Throughout the music of Mozart, D minor evokes shadowy supernatural forces. It is the central key of Mozart’s Requiem, as well as the searing aria that is sung by the Queen of the Night in the second act of The Magic Flute. The most haunting moments of Don Giovanni are set in D minor, beginning with the Overture’s blood-chilling opening chord. The Overture’s slow introduction foreshadows the ghostly Commendatore Scene, which occurs near the end of the opera, in which an ominous knock on the door hastens the trembling Don Giovanni’s “hour of doom.”
The seeds of this dramatic music can be heard in the opening bars of Mozart’s Piano Concerto No. 20 in D minor, K. 466, written two years before Don Giovanni in 1785. The orchestral introduction begins with quietly trembling syncopations which suggest a sense of restless anxiety. Soon, foreboding is replaced by pure terror with a ferocious eruption, punctuated by military fanfare rhythms in the winds. The piano enters quietly with a sense of lonely pathos. It introduces a new theme which is filled with anguished upward leaps. The first movement unfolds as a ghostly and tempestuous drama. The solo piano does not attempt to oppose or transcend the prevailing atmosphere. Instead, it joins a conversation already in progress and heightens the tension with new embellishing lines. The ominous final bars fade back into the shadows.
Mozart titled the second movement Romance, suggesting a serene vocal song. A tender and intimate melody in B-flat major opens the door to an adventurous five part rondo (ABACA). The rondo’s C section veers abruptly into a turbulent G minor, with virtuosic lines running up and down the keyboard. The storm subsides as quickly as it came and we return to the serene contentment of the opening. Before the movement concludes, we get a fleeting glimpse of a new, deeper and more mysterious reality. In the shimmering final moments, the musical voices seem to hang on, as if to delay the inevitable final resolution.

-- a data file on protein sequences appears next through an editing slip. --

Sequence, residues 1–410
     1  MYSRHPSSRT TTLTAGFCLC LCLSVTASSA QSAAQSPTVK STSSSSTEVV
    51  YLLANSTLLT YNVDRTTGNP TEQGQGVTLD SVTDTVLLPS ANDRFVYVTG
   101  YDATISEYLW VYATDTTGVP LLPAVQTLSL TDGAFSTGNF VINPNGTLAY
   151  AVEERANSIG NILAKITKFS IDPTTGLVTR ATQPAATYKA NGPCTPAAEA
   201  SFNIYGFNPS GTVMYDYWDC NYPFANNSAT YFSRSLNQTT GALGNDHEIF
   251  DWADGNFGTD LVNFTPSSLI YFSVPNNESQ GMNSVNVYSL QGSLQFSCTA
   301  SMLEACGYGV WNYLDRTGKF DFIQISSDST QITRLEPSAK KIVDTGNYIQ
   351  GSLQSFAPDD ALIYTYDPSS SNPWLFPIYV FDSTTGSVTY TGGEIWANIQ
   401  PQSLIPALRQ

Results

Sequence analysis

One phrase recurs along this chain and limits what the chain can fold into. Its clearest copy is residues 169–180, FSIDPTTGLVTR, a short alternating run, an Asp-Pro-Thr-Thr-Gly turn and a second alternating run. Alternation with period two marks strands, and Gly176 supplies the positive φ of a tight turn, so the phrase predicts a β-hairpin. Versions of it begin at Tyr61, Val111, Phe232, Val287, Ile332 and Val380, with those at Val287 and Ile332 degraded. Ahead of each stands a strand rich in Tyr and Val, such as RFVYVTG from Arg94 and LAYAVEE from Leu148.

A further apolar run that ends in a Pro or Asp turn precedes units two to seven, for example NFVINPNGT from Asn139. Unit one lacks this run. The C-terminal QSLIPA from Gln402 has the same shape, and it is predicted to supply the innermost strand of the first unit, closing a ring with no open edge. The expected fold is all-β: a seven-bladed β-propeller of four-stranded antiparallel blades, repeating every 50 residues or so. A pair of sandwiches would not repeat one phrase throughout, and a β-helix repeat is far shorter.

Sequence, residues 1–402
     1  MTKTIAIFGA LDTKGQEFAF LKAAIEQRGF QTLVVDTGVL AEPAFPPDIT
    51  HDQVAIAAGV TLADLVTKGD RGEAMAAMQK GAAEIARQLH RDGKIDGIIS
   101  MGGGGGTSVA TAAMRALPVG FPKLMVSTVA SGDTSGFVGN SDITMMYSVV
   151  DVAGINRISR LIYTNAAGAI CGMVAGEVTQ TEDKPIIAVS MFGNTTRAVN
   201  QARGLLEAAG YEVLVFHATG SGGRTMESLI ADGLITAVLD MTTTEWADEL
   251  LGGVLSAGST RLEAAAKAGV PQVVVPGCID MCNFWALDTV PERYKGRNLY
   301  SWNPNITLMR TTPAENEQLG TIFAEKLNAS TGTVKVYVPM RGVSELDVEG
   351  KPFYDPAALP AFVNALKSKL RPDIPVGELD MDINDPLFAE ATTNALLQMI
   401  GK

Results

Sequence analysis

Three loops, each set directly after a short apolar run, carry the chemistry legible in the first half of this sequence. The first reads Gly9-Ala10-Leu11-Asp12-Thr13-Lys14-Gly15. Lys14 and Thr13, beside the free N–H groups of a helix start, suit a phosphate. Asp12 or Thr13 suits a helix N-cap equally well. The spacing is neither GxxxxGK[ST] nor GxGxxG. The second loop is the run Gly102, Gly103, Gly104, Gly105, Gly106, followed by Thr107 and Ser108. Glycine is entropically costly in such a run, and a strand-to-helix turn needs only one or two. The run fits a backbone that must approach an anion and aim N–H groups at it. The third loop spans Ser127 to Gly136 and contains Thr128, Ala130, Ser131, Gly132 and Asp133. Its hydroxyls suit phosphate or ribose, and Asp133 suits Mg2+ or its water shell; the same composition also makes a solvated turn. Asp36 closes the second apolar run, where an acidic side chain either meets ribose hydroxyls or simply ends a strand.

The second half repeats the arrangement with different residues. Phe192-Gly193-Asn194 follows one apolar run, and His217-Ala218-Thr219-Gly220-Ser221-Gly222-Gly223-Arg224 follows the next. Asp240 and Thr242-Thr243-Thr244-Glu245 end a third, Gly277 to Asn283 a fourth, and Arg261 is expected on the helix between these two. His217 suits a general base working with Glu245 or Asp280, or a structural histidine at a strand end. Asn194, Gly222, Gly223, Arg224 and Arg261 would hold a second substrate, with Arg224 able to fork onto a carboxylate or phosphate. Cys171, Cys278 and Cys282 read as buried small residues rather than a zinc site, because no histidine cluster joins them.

The final movement (Allegro assai) returns to stormy D minor. It begins with the shooting sparks of an ascending line known as the Mannheim Rocket. The jagged rondo theme, introduced by the piano, darts unpredictably. It’s a dangerous and exhilarating ride filled with sudden harmonic turns. Perhaps most surprising of all is the coda’s jubilant and unexpected turn to D major. As with the Act II Finale which concludes Don Giovanni, in these frolicking final moments all ghosts are banished and the music surges to a celebratory conclusion.
The February 11, 1785 premiere of Piano Concerto No. 20 came at the height of Mozart’s popularity in Vienna. Apparently, Mozart’s notation of the score was done at the last minute and the ink was still wet at the concert. In a letter addressed to Mozart’s sister, Nannerl, Leopold Mozart wrote,
[I heard] an excellent new piano concerto by Wolfgang, on which the copyist was still at work when we got here, and your brother didn’t even have time to play through the rondo because he had to oversee the copying operation.
The Sturm und Drang turbulence of this music anticipated Romanticism. Beethoven performed the Concerto numerous times and it is his cadenzas (in the first and last movements) which we hear in this 1985 recording featuring Mitsuko Uchida with Jeffrey Tate and the English Chamber Orchestra:
- Mozart: Piano Concerto No. 20 in D minor, K. 466, Mitsuko Uchida, Jeffrey Tate, English Chamber Orchestra deccaclassics.com
Featured Image: “A Shipwreck in Stormy Seas,” Claude-Joseph Vernet (1714–1789)
3 thoughts on “Mozart’s Piano Concerto No. 20 in D Minor: Shadowy and Tempestuous”
Thank you for these notes
Thanks as always for the post. The 466 is my favourite Mozart concerto.
Did you realize that the final 3 orchestral chords are the first three chords of Beethoven’s Seventh?
Probably the most influential concerto ever composed, it’s influence immense. Like so much of Mozart’s music it anticipates the future especially Romanticism in the 19th century.